Perhaps you remember an incredibly sensational story from back in October 2011 that after a brief period in the headlines disappeared completely. The U.S. government arrested an Iranian-American citizen in Texas and charged him with being an agent of the Iranian government who planned at Tehran’s behest to hire a Mexican drug gang to assassinate the Saudi ambassador in a fiery terrorist attack in Washington D.C.

It would have been another September 11, albeit on a far smaller scale. Knowing about such an operation should have been a real game-changer for U.S. Middle East policy.

Now that man, Manssor Arbabsiar, arrested in September 2011, has pled guilty to these charges in a Manhattan court. The trial is scheduled for January.

The case is so important because the U.S. government was officially claiming that the Iranian regime planned an act of war on American soil. Talking to journalists, U.S. officials insisted that the very top leaders in Iran must have authorized the attack, though they admitted they didn’t have hard proof.

Nevertheless, the highest officials in the United States threatened retaliation. President Obama said: “Even if at the highest levels there was not detailed operational knowledge, there has to be accountability with respect to anybody in the Iranian government engaging in this kind of activity.” Notably, however, the Obama Administration policy attitude toward Tehran, already involved in sanctions of course, was not altered further by this new revelation.

The government says it has impressive evidence, based on the fact that the Mexican “drug lord” Arbabsiar was propositioning with was a secret U.S. agent. It includes tapes of the accused speaking with intelligence officials from the Quds Force inside Iran and his withdrawing $100,000 as down payment for the hit.

We do know that Iran has sponsored terror attacks against Americans in Saudi Arabia, Iraq, and elsewhere. Yet an assassination in the heart of Washington D.C., with passers-by and restaurant patrons being blown up, would have marked a considerable escalation. Some argued that the plot was too strange to believe: Iranian intelligence delegating a used car salesman to contract with Mexican drug lords.

It is understandable that some are incredulous about this story. I have no idea what the truth is, but note that the U.S. government says it has strong evidence and that the Obama Administration—not known for its boldness in challenging America’s enemies—really stuck its neck out in this case. They must really believe that the plot was real.

What does all of this tell us?

This operation should once again remind American leaders that the Tehran regime is not just a problem because of the nuclear weapons’ project but because it is a determined foe of the United States on every issue. A major priority for U.S. policy should be then to battle Tehran’s influence everywhere, notably in Lebanon, Syria, and Bahrain. (This has already been done in Iraq, though Iran’s influence there is now on the rise and that of the United States diminishing.) Those supposedly friendly governments helping Iran—with Turkey and Venezuela at the top of that list—should not be treated as allies.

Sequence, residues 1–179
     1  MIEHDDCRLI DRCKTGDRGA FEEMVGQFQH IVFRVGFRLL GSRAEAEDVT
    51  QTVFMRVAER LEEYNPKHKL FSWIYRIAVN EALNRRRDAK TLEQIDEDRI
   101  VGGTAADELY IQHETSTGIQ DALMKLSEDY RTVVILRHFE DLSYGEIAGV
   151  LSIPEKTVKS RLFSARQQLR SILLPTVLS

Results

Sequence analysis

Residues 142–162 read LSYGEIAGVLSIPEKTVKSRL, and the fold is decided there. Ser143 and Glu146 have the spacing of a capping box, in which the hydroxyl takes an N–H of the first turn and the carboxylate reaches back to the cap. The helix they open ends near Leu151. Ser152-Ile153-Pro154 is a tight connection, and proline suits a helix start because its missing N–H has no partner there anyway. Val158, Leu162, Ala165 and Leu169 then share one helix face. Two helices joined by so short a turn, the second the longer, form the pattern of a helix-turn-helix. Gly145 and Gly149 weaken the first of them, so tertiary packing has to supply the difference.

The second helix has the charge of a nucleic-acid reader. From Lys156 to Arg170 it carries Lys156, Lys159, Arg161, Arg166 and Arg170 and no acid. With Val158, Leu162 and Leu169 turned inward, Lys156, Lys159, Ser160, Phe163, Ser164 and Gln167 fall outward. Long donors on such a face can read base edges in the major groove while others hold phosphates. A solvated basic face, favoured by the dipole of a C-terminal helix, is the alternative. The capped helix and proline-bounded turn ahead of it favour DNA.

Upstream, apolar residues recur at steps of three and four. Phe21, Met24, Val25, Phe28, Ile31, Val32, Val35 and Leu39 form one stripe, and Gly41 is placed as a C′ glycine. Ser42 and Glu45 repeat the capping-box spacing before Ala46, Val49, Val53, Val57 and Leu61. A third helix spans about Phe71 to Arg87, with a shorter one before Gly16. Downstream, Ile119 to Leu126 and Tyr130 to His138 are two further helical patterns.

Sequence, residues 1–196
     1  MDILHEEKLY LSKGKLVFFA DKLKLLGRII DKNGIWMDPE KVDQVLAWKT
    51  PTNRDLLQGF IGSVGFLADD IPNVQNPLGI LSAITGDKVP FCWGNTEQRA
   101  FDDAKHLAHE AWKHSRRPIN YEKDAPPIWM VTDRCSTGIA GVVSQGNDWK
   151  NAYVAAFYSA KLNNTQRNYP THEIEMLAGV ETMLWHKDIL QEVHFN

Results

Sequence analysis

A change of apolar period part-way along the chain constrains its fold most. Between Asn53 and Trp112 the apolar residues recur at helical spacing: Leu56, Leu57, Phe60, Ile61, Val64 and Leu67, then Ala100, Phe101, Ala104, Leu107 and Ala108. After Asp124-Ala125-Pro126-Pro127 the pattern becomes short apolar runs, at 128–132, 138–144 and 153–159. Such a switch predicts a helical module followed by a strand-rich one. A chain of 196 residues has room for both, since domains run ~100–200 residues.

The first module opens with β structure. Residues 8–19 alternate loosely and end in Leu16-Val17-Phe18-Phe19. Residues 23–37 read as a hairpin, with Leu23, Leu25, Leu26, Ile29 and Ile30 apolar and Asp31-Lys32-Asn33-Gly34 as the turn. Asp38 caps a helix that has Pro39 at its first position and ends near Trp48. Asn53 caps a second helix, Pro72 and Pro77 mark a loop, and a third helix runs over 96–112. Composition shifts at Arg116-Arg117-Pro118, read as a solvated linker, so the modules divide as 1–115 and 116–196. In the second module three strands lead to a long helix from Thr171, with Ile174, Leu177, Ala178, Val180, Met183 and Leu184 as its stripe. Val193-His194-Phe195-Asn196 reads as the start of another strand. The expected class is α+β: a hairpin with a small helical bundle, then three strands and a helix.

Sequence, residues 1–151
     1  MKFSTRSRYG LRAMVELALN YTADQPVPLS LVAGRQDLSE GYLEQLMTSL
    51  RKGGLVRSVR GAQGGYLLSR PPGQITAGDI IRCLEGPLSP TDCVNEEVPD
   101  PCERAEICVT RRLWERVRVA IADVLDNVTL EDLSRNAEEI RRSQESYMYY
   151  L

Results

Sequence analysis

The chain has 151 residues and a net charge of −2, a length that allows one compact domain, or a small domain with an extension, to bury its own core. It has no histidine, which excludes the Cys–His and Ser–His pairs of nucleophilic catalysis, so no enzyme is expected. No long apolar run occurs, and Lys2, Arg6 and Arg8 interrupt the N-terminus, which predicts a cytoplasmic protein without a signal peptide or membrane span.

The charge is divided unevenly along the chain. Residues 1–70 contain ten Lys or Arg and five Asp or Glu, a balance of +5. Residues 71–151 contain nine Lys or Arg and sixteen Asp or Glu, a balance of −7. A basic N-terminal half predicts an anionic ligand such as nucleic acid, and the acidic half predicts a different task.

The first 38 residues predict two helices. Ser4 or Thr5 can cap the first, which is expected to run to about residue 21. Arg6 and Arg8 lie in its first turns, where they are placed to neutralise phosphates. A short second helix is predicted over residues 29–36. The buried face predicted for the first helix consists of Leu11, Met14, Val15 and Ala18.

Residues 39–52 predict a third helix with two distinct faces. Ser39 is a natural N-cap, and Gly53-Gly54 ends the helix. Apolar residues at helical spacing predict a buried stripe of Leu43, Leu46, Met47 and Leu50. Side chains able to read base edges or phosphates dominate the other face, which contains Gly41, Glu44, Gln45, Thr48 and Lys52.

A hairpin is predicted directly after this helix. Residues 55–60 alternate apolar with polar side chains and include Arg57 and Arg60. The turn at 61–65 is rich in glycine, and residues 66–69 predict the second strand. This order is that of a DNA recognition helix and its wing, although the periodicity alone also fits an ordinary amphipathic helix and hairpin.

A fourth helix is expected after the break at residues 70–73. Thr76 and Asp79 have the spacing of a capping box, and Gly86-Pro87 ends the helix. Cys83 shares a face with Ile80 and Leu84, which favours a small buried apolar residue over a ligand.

And if the attack was an independent initiative, albeit one that the Iranian regime didn’t actively oppose, it shows that once Iran has nuclear weapons there might be other such “rogue” operations. While I don’t support a military attack on Iran, such a factor should be taken into account in making such a decision in future.

Visit Rubin Reports.

Iran Police Clash with Protesters Outside Tehran’s Central Bank (Video)

Wednesday, October 3rd, 2012

Iranian police has used tear gas against demonstrators who burned tires and garbage cans, the BBC reported on Wednesday. Many were arrested.

Eyewitnesses told the BBC that dozens assembled outside Iran’s central bank in Tehran, urging the bank governor to stand down and chanting anti-government slogans.

The protesters targeted President Ahmadinejad’s government, which they say is mismanaging the economy are unable to avert Iran’s currency crisis.

Over the past week, Iran’s coin, the rial, has sunk to a record low against Western currencies.

Money dealers and bazaar traders were among the demonstrators.

Images posted online show hundreds of people marching towards Iran’s central bank.

Reports say many shops in the central Grand Bazaar were gated down in solidarity with the demonstrators.

Viewers of BBC Persian channel in Iran say the government has been jamming its signal after the Persian-language channel first reported the Tehran protests.

Hundreds of police are reported to have rounded up illegal money changers in Tehran.

According to the BBC, Tehran’s bazaar is the biggest financial ally of the Iranian regime, since it bankrolled the 1979 Islamic revolution.

 

PM Netanyahu Apologizes for Embarrassing Ban Ki-Moon

Monday, September 24th, 2012

Prime Minister Benjamin Netanyahu has apologized to UN Secretary-General Ban Ki-moon for publicizing details of a conversation between the two regarding the Ban’s visit to Tehran in August.

According to a report by Haaretz, Netanyahu called to apologize for making Ban’s participation in a conference of the Non-Aligned movement in Tehran public information, and for letting his office “leak” to the media that he had participated in a phone conversation with Ban in which he urged the leader not to go to Iran for the mid-August meeting.

A senior Israeli official told Haaretz that Netanyahu called Ban several days later to apologize, saying that while he was against Ban’s visit, he did not intend to embarrass the secretary-general.

During the conversation, Netanyahu told Ban he had heard and appreciated Ban’s condemnation of Iranian Holocaust denial and threats to destroy Israel.

Printed from: http://www.jewishpress.com/news/pm-netanyahu-apologizes-for-embarrassing-ban-ki-moon/2012/09/24/